What is the strangest thing you’ve ever had to do for art?
I feel like I must be missing some strange thing I’ve done–but I think the most consistent strange thing is self-timing myself and getting into all sorts of strange positions to get source imagery for my paintings. It’s great when I have friends around but sometimes I’m all I’ve got!
Do you have a day job or other work that you split your time between?
Before this year I was teaching and I found that to be an incredible important aspect of my practice. I genuinely love to teach, and as grateful as I am for this time to focus completely on my practice I am looking forward to finding a balance again in the future where I am able to do both. I learn so much from teaching and find that the social engagement counters the amount of alone time I spend on my own paintings.
Do you have a mentor, or a piece of advice (or both), which has influenced your practice?
I have had so many incredible artists and people along my artistic journey that continue to provide varied perspectives, support, and encouragement. I think the best part about having so many people to look up to and surround myself with is that I can see that there is no right way to move forward, as long as I’ve moving. The best pieces advice I have received are those that encourage being kind to myself, being vulnerable in the ways I share myself and my work, and of course there was the more practical and much appreciated advice of not paying too much for graduate school.
Is there any piece of advice you would offer to others?
I suppose I would pass along the advice that I’ve received. Be gentle with yourself along the journey-lean into the discomfort of participating in a inevitably vulnerable practice, and engage actively with supportive communities of people.
What does it mean to you to have a “community?”
Community is one of the most important aspects of both my artistic practice and of my work. I actively seek out people that I find inspiring and feel fortunate to have grown into as many great communities as I have. It feels much healthier and more fulfilling to reject the potentially individualistic and competitive culture, and instead support and be supported by those I admire.
What is your studio like?
Messy! (but in a productive, lived-in way)
Do you have any routines or rituals in the studio that get you into the mode or mindset to make your work?
I’m a day-time painter. As much as I romanticize and pine over the idea of working through the night, it’s just not conducive for making good work. Before I paint I always do a little writing and like to read a few short stories. I’ve found it’s a good way to open the day. I usually listen to Podcasts while I work. It’s helpful to have the language part of my brain a little distracted so I can be less verbally critical of myself as I work. It helps me move into a more intuitive place. I love all of my NPR podcasts, particularly Invisibilia and This American Life…Right now I’ve been listening to On Being and The New Yorker Fiction Podcast.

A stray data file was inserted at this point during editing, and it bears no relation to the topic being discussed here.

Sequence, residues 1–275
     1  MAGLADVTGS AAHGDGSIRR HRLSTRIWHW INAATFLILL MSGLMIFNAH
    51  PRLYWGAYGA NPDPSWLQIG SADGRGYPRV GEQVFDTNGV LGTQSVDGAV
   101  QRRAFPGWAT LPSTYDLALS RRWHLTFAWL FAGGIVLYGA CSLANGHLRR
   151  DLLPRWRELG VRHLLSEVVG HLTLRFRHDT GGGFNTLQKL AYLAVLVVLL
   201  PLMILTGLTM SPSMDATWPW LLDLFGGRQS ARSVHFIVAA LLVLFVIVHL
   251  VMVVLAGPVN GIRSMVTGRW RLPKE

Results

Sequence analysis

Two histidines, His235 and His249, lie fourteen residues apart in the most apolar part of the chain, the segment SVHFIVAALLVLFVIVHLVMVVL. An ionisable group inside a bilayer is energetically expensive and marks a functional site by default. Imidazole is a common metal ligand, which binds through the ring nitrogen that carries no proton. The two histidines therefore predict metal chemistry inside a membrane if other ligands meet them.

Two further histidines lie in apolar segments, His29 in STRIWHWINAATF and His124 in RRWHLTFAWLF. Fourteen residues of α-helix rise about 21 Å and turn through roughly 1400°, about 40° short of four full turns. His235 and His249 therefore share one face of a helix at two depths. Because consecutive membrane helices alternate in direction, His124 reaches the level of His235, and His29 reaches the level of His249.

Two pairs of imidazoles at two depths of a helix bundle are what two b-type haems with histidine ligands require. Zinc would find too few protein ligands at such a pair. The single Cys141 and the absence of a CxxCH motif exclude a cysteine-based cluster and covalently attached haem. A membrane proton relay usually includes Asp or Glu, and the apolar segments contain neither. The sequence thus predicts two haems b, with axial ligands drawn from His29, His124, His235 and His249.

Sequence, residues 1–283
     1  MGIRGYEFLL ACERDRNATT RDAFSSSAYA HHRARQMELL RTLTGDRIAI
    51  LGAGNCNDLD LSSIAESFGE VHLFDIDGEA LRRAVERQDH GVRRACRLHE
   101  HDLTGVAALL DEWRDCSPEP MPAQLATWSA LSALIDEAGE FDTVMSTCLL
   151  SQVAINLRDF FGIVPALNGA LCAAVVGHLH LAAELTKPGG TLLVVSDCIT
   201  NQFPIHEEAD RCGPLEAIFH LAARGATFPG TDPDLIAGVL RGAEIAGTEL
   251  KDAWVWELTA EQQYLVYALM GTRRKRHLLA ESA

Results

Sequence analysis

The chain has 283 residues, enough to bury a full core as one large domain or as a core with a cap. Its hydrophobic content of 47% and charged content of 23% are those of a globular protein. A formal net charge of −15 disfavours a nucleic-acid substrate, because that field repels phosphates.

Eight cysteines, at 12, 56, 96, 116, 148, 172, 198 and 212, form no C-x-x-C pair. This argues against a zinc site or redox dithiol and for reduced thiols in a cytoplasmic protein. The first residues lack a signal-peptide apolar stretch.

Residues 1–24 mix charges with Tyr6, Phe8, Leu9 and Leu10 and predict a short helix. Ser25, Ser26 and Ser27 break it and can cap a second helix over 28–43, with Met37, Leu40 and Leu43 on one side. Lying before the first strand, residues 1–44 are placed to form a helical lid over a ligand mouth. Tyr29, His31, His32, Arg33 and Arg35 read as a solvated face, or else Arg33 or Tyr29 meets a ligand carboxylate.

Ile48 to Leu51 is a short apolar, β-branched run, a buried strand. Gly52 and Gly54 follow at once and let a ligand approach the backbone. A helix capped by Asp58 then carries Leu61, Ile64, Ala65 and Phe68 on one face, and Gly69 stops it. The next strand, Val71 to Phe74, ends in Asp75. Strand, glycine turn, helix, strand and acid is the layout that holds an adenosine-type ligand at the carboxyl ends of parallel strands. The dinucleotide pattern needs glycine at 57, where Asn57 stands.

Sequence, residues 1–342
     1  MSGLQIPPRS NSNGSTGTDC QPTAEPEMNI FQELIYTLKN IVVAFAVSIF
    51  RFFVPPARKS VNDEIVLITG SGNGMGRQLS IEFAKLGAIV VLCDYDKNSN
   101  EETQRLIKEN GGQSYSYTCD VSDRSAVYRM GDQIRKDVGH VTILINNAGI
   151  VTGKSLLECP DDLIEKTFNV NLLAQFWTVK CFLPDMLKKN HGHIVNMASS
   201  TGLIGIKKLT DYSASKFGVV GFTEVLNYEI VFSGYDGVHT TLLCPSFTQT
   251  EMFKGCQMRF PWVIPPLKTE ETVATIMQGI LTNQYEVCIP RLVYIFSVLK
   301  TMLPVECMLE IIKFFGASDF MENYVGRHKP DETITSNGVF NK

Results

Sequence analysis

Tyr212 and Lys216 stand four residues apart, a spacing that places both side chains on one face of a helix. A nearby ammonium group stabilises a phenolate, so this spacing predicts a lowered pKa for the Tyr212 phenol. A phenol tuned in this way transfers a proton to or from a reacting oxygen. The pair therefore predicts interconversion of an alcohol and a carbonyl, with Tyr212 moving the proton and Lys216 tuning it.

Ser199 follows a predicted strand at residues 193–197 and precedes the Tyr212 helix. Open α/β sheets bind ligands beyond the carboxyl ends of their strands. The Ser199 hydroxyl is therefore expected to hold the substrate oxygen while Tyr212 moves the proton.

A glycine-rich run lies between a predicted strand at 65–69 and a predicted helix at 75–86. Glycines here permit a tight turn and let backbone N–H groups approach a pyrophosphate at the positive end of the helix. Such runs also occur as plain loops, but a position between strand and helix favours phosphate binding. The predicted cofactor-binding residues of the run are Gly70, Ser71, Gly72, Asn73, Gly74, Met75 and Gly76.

How significant has attending art school been on your practice?
I attended my MFA soon after graduating from my undergraduate program at Ithaca College. It was important in that it gave me two years to seriously focus on my own practice and access a new framework for making.
What do you find most daunting, challenging, or frustrating about pursuing art?
Wrapping my mind around the fact that I am going to collect many more rejection letters and emails than one would like to imagine possible is challenging. But also figuring out how to continually engage and continually apply and continually put myself out there has been one of the more empowering lessons of my life.
How would you define “success” in art?
For me, success is being able to share my work. It is building communities of people from different walks of life with similar goals of using a practice to actively engaging with the world. Success is teaching and sharing and learning new things every day. It is about connecting to our broader history and critically engaging with the way of the world as it is today and how we could imagine it to be.
What is the most exciting thing you’ve done or accomplished so far, related to your work?
I’m really excited about the past few months that I’ve had. I spent two months outside of Seville, Spain at AiRGentum and a month at The Vermont Studio Center. I’m feeling energized from these different opportunities that have allowed me to focus on my painting in entirely different contexts.
What are you working on right now?
At this very moment I’m working on a fun collaboration with a friend turning some of the imagery of my paintings into ‘strong lady’ stickers. The bigger project is the series of paintings, ‘Women Like You Build Bowers’.
Anything else you would like to add?
Thank you for the opportunity to share!